Lord, hear our prayer.

We pray for the Church, the sign of your reign,
that it may extend your welcome to people of every race and background.
May your kingdom come;
Lord, hear our prayer.

We pray for Christians of every denomination,
that together we may come to understand the royal priesthood
you bestowed on us in baptism.  
May your dominion come;
Lord, hear our prayer.

We pray for those whose commitment to truth 
brings them into conflict with earthly powers, 
that they may have the courage to endure.
May your rule come;
Lord, hear our prayer.

We pray for this community of faith,
that attentive to your word, 
we may always worship in spirit and in truth.
May your reign come;
Lord, hear our prayer.

Loving God, 
you have taught us that the power of the heart
is greater than the power of wealth and might.
Hear us as we pray for the fulfilment of your reign.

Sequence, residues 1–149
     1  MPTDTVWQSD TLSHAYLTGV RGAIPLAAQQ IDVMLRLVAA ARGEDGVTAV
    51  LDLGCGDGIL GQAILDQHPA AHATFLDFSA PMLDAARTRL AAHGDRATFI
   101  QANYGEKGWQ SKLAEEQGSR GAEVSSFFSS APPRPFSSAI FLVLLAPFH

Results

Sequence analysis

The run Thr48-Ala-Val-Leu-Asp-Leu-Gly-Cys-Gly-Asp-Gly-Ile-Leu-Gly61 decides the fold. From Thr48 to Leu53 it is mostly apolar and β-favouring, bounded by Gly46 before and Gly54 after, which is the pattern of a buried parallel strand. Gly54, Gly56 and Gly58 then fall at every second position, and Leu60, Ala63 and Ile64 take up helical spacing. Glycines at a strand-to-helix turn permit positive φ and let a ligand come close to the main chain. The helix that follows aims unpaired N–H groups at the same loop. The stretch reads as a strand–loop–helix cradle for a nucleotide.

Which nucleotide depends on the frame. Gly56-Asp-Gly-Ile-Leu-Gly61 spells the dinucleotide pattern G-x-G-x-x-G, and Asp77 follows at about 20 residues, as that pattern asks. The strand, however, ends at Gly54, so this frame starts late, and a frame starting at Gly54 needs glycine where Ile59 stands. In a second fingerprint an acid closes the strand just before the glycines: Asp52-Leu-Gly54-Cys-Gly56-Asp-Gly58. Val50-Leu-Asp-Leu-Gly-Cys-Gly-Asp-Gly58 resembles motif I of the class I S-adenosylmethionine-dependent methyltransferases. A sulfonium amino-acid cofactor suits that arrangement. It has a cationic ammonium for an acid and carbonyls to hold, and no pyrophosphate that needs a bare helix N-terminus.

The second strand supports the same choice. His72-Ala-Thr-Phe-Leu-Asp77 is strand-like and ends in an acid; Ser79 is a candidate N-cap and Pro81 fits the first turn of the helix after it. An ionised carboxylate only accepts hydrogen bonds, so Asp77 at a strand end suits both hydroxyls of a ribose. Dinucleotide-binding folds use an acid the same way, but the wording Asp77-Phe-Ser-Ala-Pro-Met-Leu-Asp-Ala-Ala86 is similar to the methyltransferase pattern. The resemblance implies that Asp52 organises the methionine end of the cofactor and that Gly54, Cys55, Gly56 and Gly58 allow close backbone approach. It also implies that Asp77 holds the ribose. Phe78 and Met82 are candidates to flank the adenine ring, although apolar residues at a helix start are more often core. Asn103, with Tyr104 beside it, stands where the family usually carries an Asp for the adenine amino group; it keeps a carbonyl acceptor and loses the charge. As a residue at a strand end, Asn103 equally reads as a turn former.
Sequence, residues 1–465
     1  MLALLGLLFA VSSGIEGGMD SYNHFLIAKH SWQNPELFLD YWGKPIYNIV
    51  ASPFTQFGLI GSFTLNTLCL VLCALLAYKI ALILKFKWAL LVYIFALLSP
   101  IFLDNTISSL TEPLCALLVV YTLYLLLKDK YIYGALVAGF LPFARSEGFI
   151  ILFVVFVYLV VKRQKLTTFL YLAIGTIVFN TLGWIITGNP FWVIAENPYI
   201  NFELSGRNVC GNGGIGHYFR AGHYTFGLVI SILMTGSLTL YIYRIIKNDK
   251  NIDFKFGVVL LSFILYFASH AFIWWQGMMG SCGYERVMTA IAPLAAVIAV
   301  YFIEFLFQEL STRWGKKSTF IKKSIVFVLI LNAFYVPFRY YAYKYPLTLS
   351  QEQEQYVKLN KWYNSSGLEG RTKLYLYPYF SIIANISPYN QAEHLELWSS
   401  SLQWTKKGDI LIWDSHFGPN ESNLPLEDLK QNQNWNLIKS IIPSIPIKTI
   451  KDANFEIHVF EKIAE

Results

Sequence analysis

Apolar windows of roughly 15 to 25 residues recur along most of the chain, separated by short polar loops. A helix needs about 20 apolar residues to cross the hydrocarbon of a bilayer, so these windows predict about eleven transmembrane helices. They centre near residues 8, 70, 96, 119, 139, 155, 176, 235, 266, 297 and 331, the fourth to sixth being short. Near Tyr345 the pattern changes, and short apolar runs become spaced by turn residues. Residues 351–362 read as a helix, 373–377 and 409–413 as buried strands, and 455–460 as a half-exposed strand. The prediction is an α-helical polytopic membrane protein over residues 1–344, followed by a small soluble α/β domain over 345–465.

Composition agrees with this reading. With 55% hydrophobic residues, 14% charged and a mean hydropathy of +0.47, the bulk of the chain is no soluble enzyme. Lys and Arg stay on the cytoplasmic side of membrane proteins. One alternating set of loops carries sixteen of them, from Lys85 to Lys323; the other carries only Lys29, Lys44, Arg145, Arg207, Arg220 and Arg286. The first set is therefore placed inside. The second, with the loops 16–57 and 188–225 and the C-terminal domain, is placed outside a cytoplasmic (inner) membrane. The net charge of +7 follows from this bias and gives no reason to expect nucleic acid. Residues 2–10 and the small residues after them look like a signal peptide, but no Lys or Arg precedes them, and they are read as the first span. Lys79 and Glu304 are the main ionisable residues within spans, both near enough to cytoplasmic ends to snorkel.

We ask this through Jesus Christ our King;
to him be glory and power forever. Amen.

Almighty God, 
whose sovereign purpose none can make void: 
give us faith to be steadfast amid the tumults of this world, 
knowing that your kingdom shall come 
and your will be done, to your eternal glory; 
through Jesus Christ our Lord, 
who lives and reigns with you and the Holy Spirit, 
one God, now and for ever. Amen.
Creator and Father of eternity,
whose martyr Clement bore witness with his blood
to the love he proclaimed and the gospel that he preached:
give us thankful hearts as we celebrate your faithfulness,
revealed to us in the lives of your saints,
and strengthen us in our pilgrimage as we follow your Son,
Jesus Christ our Lord,
who is alive and reigns with you,
in the unity of the Holy Spirit,
one God, now and for ever. Amen.